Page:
The Taiwan Action Party Alliance yesterday defended former president Chen Shui-bian’s (陳水扁) right to engage in political activities and give speeches while on medical parole, after Chen on Sunday attended a fundraising event for pro-independence group 908 Taiwan Republic Campaign.
During the event, Chen gave a speech criticizing the rules of Taichung Prison, from which he has been released on medical parole, and described the instiutituion as “hell.”
Chen said the prison has banned him from making public appearances at political events, and giving speeches and interviews, but he was determined to give his first public speech to the 908 Taiwan Republic Campaign.
Photo: Chang Ching-ya, Taipei Times
Taichung Prison Deputy Warden Tai Ming-wei (戴明瑋) on Sunday said the prison had yet to confirm whether Chen breached medical parole rules.
The prison will ask Chen to explain his actions as part of its investigation before making a decision on the matter, Tai said.
According to Article 3, Paragraph 6 of the Enforcement Rules of the Prison Serving Act (監獄行刑法施行細則), prisoners on medical parole are banned from engaging in any activities unrelated to their medical treatments unless approved by the prison, with the exception of activities necessary to sustain their daily life and profession, the alliance said in a statement yesterday.
As every Taiwanese knows, Chen is a politician and giving speeches is part of the profession, it said.
Chen was the nation’s president from 2000 to 2008, and prior to that he had been a legislator and the mayor of Taipei, it said, adding that politics is Chen’s expertise and engaging in political activities is necessary to his profession and to sustain his daily life.
Activities related to Chen’s profession could also help him recover from his illness, for which he was granted medical parole, it added.
The Ministry of Justice had asked Chen to sign an agreement accepting the prison’s ban on making public appearances and political comments, giving speeches and interviews before releasing him on medical parole, because it could not find any legal basis to ban those activities, it said.
Prisons should not ask prisoners under their care to sign a contract with them because of the power imbalance between the two parties, it said, adding that it is impossible to prove if Chen signed the agreement of his own free will.
Chen was in 2009 sentenced to a 20-year jail term for corruption, but was granted medical parole in January 2015 after being diagnosed with illnesses including sleep apnea, suspected Parkinson’s disease and osteoporosis.
Chinese over-the-top (OTT) service provider iQiyi cannot register as a provider in Taiwan after the Mainland Affairs Council declared it to be an illegal service, the National Communications Commission (NCC) said yesterday. Both iQiyi and WeTV were deemed to be illegal Chinese OTT operators in an interdepartmental meeting on Friday last week, officials said, adding that this prohibits them from marketing their services in Taiwan or seeking subscribers. The government plans to block a local server that iQiyi has been using to transmit content to domestic audiences, which would disrupt its content transmission. OTT Entertainment Ltd, which is enlisted by iQiyi to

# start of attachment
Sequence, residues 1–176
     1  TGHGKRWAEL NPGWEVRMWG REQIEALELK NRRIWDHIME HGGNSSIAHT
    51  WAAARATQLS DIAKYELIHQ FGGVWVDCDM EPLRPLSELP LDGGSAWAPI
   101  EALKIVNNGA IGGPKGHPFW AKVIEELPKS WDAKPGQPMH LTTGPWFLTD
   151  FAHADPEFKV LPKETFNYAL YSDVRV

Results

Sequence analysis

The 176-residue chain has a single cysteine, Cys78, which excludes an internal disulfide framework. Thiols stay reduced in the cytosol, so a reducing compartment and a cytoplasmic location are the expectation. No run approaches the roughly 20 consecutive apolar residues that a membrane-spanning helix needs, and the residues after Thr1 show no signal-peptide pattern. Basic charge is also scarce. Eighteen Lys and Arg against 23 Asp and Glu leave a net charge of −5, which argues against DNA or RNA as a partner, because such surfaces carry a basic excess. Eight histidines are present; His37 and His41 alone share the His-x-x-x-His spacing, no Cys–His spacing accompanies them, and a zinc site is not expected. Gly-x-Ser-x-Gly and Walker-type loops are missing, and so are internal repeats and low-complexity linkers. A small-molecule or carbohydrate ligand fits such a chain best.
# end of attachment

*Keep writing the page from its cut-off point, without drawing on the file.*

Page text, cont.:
The Taipei Grand Mosque yesterday said its earlier decision to cancel Eid al-Fitr celebrations on Sunday to mark the end of the Muslim holy month of Ramadan would stand, even though there have been no new domestic cases of COVID-19 in more than a month. It will be the first time in 60 years that the event has not be held at the mosque. The Ministry of Labor had asked all mosques to suspend Eid al-Fitr celebrations and prayers this year, due to COVID-19 concerns, and encouraged Muslims to pray at home. This year Ramadan began on April 23 and is to
KAOHSIUNG VOTE: A city official allegedly wrote a message calling on supporters of Kaohsiung Mayor Han Kuo-yu not to participate in the vote next month Prosecutors on Wednesday initiated an investigation of Kaohsiung Civil Affairs Bureau Director-General Tsao Huan-jung (曹桓榮) for allegedly telling supporters of Kaohsiung Mayor Han Kuo-yu (韓國瑜) to interfere with a recall vote against Han, while pan-green politicians denounced the mayor and his team for devising ways to obstruct voting. After receiving complaints from residents, the Kaohsiung District Prosecutors’ Office launched its probe of Tsao for alleged breaches of the Civil Servants Election and Recall Act (公職人員選舉罷免法). Complainants provided evidence that Tsao on Saturday last week wrote on messaging app Line that Han supporters should not vote in the June 6 recall vote, saying:
BILINGUAL ASSISTANCE: The center launched a chat bot that features Chinese and English interfaces to provide foreigners with instant information about the pandemic The Central Epidemic Command Center (CECC) yesterday said that it would discuss with other nations the possibility of allowing businesspeople to visit on a case-by-case basis. Asked about loosening border restrictions, Minister of Health and Welfare Chen Shih-chung (陳時中), who heads the center, said at the daily CECC news briefing that while the center is cautious about opening the nation’s borders, it would aim to diminish obstacles for important trade interactions without risking transmission of the novel coronavirus. Several foreign representatives in Taiwan have expressed an interest in the matter and the center would conduct related negotiations with the help of the